Thursday, January 22, 2009

Volatility is Back

The 'Helicopter Economics Investing Guide' is meant to help educate people on how to make profitable investing choices in the current economic environment. In addition to the term helicopter economics, we have also coined the term, helicopternomics, to describe the current monetary and fiscal policies of the U.S. government and to update the old-fashioned term wheelbarrow economics.

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The market was up yesterday almost completely erasing the large losses from the day before. The beaten down financial stocks led the way up as if insolvent banks and brokers are now suddenly doing better. Well they're not, but their stocks were doing better in what is obviously a short covering rally that was pushed to the max by media reports of insider buying (more accurately portrayed as insider manipulation of the media, with full cooperation of the media itself).

The Dow was up 3.5% to close at 8228, above the psychological important level 8000. Nasdaq was up 4.6%. IBM reported (please note the use of the word reported as opposed to had) good earnings. Bank stocks were the big gainers however and this was true in Europe as well as the U.S. Both Citigroup and Bank of America were up 31%, not so difficult when you are selling in the single digits (the low single digits in Citi's case). Bank of New York was up 24%. And Tuesday's poster child for stock market disaster, State Street, managed a 15% rally. The rallies were more muted in Europe however. Barclays, which has lost half its value since the beginning of the year, was up 5% and Bank of Scotland only 9%. In Germany, Deutsche Bank was up 10% and Commerzbank 13%. Belgium's bailout baby, KBC, was still falling though after already losing 70% in the last three weeks and receiving a two billion euro cash injection.

The rally in bank stocks started out as the usual dead cat (or more appropriately dead bank) bounce. It really got going when news hits the wires about top management buying their own beaten down financial shares. Anyone who might think this was a case of blatant manipulation would have a lot of evidence on their side. When was the last time you saw a blaring headline, 'Insiders Dumping Bank Stocks', especially if it happened the day before? Lot's of luck in finding that one. Yet, yesterday's news trumpeted, Bank of America and JP Morgan insiders buying their stock. You would have had to read well into any article however to find out that in the case of JP Morgan, the buying took place last Friday before the stock was pounded down even more on Tuesday. As for the insight of bank management insiders, these were the people who brought us the current Credit Crisis and didn't see it coming. The head of Bank of America thought it was a brilliant move for the bank to buy Countrywide Financial and later on agreed to buy Merrill Lynch, two purchases that are destroying the bank. Now, we should assume his judgement has suddenly sharpened. Yeahhh ..... that can happen!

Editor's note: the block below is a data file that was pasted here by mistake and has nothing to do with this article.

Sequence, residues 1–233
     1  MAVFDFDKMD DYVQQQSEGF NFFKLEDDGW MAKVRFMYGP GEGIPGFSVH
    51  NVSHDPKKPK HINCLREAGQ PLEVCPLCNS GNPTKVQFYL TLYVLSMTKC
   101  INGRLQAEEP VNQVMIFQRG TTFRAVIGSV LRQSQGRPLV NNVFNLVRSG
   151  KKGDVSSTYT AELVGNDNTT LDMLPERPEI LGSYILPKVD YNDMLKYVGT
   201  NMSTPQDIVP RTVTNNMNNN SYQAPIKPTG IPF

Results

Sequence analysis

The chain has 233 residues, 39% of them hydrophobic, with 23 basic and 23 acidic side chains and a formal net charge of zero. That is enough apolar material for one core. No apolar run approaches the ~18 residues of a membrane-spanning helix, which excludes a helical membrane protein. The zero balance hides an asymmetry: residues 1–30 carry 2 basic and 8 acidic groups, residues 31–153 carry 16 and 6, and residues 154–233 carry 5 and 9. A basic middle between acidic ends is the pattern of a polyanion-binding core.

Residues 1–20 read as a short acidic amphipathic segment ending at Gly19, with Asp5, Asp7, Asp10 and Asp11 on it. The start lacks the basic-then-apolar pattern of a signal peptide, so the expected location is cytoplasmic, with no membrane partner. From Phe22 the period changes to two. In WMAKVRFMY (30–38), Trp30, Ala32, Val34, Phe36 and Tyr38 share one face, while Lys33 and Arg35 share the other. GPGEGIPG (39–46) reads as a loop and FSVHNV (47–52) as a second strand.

The earnings of financials are so bad they are disproportionately responsible for dragging down the earnings of the S&P 500. For Q4 of 2008, a 20% drop in corporate earnings is now expected. Before earnings season began a 15% drop was projected, but results have been worse than orginally thought. Wall Street analysts have once again underestimated how bad things are, just as Wall Street economists have done with the economic figures. I have never heard of anyone on Wall Street being fired for being continually and consistently inaccurate. In fact, it seems to be the ticket to getting to the top there. Something to think about for anyone who relies on insider purchases to indicate banks are turning around.

NEXT: Britain Points the Way to U.S. Economic Future

Daryl Montgomery
Organizer,New York Investing meetup

This posting is editorial opinion. Like all other postings for this blog, there is no intention to endorse the purchase or sale of any security.

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